13. The win in Hamilton was awesome and unexpected, but I won’t be sold on this team until Willy shows some life as a passer. I’m not sure if he can reverse his current regression, return to the player he was last season and continue his development from there. Without a legitimate quarterback, this team won’t go very far.

14. The West Division is still wide open, with the Bombers’ win and the Lions’ loss making things interesting. The Bombers are back in action next week at home against the Eskimos, who’ll likely visit Winnipeg with a 1-1 record after beating Saskatchewan.

harris vs tabbies
PHOTO CREDIT TO ADAM GAGNON OF CFL.CA

Stock Market Report: Bombers vs. Stampeders

The Bombers couldn’t possibly repeat the same recipe for disaster they displayed in week one against the Alouettes, with the defense continuously surrounding long drives and with QB Drew Willy looking out of place and uncomfortable in Paul Lapolice’s system until the fourth quarter, when the offense couldn’t be stopped, right?

But they did. And that’s exactly what happened in week two against Calgary, as the Bombers fell at the hands of the Stampeders 36-22.

Seeing as it was another huge loss, I put together some detailed game notes that can be found here for you to come away with your own conclusions on another Blue Bomber drubbing at the hands of a West Division opponent.

Here’s mine.

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Quincy Mcduffie (14) of the Winnipeg Blue Bombers during the game against the Calgary Stampeders at McMahon stadium in Calgary, AB. Friday, July 1, 2016.  (Photo: Johany Jutras)
Quincy Mcduffie (14) of the Winnipeg Blue Bombers during the game against the Calgary Stampeders at McMahon stadium in Calgary, AB. Friday, July 1, 2016. (Photo: Johany Jutras)

1. NT Jake Thomas: I don’t have his official snap count, but Thomas produced with impressive efficiency when he got on the field. I only graded Thomas negative on one play – an inside split zone hand-off to Tory Harrison – where, despite arguably taking away the ball-carriers first read, it was almost by default as LG Shane Bergman sealed him outside with a strong punch. It was only up from there for the fifth-year Canadian, as he beat Bergman with a clean rip move to penetrate into the backfield on the very next play. But it was primarily in run defense where Thomas made his impact, though. He continuously did a great job getting inside leverage on his blocker to scrape his way towards the ball-carrier. On the field for all five plays, Thomas was the difference-maker for the Bombers on Calgary’s final drive of the third quarter. He took advantage of RT Dan Federkeil’s down-block on a 2nd-&-1 play to make the stop, and then worked off two blocks to force Harrison to cut back on the 1st-&-10 play following Calgary’s 3rd-down conversion. The Bombers began to rotate Thomas in more and more as the Stampeders chewed up more and yards on the ground as the game wore on, and the 25-year-old proved to be an effective substitution.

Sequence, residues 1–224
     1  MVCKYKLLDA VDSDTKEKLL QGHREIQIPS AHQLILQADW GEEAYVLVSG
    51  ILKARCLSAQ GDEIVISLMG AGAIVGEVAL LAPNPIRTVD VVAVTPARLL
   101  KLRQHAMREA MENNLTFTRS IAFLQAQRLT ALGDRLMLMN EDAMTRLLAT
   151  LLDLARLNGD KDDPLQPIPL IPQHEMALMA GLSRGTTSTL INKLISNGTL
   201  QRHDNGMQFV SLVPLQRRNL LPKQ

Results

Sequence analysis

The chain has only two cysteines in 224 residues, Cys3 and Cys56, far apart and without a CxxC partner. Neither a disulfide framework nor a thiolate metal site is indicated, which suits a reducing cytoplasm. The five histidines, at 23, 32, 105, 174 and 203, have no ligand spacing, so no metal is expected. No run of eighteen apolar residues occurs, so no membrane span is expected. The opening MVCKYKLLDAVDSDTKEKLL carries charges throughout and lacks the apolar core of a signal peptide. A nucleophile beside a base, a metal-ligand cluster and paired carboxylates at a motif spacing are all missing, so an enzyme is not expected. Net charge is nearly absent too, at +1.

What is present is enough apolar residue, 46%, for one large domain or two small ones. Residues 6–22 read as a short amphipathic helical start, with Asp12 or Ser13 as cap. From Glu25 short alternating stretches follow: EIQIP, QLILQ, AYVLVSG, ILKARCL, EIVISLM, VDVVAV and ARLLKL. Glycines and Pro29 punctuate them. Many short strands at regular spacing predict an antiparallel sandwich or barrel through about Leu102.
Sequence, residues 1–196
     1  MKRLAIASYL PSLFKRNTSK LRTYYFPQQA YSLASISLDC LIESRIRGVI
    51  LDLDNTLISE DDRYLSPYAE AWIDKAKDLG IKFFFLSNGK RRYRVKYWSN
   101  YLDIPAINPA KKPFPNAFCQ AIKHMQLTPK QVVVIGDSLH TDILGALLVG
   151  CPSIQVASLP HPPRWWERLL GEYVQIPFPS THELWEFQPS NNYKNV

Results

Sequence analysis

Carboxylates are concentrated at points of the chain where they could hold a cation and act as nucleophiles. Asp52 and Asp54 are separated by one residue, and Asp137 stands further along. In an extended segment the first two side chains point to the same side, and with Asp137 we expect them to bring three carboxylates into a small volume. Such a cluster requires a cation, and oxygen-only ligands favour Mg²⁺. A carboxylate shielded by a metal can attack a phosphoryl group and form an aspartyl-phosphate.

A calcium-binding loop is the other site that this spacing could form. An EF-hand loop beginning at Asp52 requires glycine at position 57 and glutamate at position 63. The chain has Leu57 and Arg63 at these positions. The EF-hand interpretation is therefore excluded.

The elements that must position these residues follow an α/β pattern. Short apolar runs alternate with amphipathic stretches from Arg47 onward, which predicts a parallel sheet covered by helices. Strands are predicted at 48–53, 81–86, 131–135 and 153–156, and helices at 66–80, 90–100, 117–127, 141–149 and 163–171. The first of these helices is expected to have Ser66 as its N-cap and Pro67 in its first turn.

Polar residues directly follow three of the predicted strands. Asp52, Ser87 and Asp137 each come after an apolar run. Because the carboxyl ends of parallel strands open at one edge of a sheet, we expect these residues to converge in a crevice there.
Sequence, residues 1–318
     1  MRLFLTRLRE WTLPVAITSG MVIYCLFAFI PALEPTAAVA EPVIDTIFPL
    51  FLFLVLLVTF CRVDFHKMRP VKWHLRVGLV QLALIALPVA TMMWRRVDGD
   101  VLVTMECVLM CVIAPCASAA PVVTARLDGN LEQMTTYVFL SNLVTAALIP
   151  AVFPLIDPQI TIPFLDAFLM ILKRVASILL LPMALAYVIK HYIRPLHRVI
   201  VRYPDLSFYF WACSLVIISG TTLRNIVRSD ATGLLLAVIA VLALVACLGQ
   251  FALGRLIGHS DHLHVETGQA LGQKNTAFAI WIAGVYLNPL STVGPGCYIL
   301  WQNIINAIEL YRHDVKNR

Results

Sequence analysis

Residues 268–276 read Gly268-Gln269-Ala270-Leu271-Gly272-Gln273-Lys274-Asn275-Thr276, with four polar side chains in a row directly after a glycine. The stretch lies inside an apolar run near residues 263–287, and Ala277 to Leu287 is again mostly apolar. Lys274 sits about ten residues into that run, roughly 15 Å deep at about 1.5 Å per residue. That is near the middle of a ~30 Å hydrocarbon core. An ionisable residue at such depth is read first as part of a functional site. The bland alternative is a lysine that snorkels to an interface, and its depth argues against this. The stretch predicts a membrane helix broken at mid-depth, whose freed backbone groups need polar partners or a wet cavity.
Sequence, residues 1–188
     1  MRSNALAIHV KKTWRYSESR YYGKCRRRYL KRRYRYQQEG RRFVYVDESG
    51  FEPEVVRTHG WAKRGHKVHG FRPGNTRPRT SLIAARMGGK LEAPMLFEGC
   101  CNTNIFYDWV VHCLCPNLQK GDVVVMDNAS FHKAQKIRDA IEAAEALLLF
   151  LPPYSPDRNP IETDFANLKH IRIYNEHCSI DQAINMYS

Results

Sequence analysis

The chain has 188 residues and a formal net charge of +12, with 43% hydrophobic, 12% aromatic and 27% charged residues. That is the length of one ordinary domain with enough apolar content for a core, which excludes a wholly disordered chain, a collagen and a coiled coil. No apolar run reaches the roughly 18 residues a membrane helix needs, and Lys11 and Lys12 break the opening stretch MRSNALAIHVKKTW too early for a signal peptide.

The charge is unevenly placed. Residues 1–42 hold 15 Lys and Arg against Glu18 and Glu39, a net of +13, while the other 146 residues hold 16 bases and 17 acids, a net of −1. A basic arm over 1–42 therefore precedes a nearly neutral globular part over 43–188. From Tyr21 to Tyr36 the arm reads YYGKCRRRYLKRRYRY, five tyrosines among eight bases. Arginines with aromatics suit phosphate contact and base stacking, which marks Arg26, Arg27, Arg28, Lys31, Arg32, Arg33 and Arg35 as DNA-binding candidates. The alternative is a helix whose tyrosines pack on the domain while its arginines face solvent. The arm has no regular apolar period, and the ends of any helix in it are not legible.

2. LT Stanley Bryant: While the entire offensive line had a solid game, Bryant Jr. managed to play mistake-free with the exception of one miscommunication with LG Jamarcus Hardrick near the end of the third quarter – a mistake that had no impact on the play. Bryant won his match-ups on the edge all game – Willy was not pressured once all game from Bryant’s man – but it was most impressive to see his gap discipline and ability to pick up stunts and blitzes from the Calgary defense. Whereas Pat Neufeld was beat twice on speed-rushes – one of which resulted in a sack – Bryant’s smooth feet were on display against two speed-rushers in Frank Beltre and Charleston Hughes.

SOLID INVESTMENTS

Calgary Stampeders' Rob Cote is tackled by Winnipeg Blue Bombers' Bruce Johnson, bottom, and Julian Posey during first quarter CFL football action in Calgary, Friday, July 1, 2016.THE CANADIAN PRESS/Jeff McIntosh
Calgary Stampeders’ Rob Cote is tackled by Winnipeg Blue Bombers’ Bruce Johnson, bottom, and Julian Posey during first quarter CFL football action in Calgary, Friday, July 1, 2016.THE CANADIAN PRESS/Jeff McIntosh